Another cause of mud fever are leg mites which break the skin and enable bacteria to enter. Horses with thick feathers are more at risk of leg mites and you will see them stamp their legs because they’re very itchy. If you suspect your horse has mites, speak to your vet for further advice. 

Risk factors

There are a number of factors that may cause damage to your horse’s skin, leaving them susceptible to bacteria and therefore mud fever. In addition, some horses have certain characteristics that make them more prone to developing mud fever.

Factors that may cause damage to your horse’s skin
  • Standing in muddy or wet conditions for long periods. 
  • Standing in dirty bedding. 
  • Regularly washing the legs, especially if they’re not dried afterwards. The current veterinary recommendation is to allow the mud to dry and then brush it off. If washing is required, then it is important to thoroughly dry the skin.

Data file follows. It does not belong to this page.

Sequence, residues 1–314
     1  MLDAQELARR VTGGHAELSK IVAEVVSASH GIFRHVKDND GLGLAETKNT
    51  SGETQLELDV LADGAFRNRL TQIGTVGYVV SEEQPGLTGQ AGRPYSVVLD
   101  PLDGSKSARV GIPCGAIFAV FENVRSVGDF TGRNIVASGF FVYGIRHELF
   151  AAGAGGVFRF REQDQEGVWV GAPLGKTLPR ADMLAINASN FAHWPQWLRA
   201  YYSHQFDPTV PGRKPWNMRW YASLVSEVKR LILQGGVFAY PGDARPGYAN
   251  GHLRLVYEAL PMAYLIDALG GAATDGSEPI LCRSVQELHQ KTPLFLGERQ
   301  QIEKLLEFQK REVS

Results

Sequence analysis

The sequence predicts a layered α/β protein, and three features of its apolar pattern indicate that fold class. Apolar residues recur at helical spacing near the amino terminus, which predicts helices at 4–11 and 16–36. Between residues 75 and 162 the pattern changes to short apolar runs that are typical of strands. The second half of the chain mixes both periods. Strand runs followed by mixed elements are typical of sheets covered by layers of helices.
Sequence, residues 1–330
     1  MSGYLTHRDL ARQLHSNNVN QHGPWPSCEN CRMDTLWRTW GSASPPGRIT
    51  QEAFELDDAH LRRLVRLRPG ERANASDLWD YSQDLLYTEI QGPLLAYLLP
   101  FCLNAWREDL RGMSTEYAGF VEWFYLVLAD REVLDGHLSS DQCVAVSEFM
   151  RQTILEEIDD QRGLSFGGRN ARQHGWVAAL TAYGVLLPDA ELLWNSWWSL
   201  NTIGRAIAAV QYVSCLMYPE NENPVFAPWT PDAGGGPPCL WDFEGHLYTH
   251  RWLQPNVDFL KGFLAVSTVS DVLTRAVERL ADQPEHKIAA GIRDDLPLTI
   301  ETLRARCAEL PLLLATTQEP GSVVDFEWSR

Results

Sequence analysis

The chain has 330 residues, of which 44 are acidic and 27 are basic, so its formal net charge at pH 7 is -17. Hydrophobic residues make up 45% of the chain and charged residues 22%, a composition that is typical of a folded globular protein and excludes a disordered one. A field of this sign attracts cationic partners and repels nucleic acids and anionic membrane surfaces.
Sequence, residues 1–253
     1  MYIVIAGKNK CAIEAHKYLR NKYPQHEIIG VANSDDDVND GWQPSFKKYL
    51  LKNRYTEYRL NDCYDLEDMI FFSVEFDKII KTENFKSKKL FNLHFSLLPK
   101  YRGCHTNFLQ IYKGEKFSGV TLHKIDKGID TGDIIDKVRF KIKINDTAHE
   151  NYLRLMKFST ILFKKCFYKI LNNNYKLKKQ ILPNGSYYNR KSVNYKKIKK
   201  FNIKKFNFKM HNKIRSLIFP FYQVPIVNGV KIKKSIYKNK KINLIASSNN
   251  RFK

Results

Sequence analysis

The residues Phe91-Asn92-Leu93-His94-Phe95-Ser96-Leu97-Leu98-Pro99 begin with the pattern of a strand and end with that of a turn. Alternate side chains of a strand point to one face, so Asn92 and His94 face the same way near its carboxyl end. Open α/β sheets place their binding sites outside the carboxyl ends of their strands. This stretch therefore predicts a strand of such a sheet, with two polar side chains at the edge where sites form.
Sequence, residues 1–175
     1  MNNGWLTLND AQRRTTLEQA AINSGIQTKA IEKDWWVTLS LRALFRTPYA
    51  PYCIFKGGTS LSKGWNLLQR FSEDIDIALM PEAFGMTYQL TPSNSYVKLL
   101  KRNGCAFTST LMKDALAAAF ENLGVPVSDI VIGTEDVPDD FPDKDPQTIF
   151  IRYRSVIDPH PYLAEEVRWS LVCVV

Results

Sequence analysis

• Having broken or damaged skin due to a wound, such as an overreach injury. 
  • White legs - pink skin under white markings is often more sensitive than dark skin. 
  • Thin skin such as Thoroughbreds or Arabs, which can be damaged more easily, giving bacteria a way in. 
  • Having a weakened immune system – which is usually secondary to another condition, such as Cushing’s Disease. Horses with a lowered immune system are less able to prevent and fight off infections, so are more prone to health conditions. If these horses suffer from mud fever, it can be more difficult to treat. 


It’s important to call your vet as soon as mud fever is suspected so they can give an accurate diagnosis and make sure treatment is tailored to meet your horse’s needs. Once your vet has made a diagnosis and recommended a treatment plan, they should be happy for you to continue managing the condition yourself. However, you should get back in touch with them if your horse fails to respond to treatment, or the mud fever gets worse.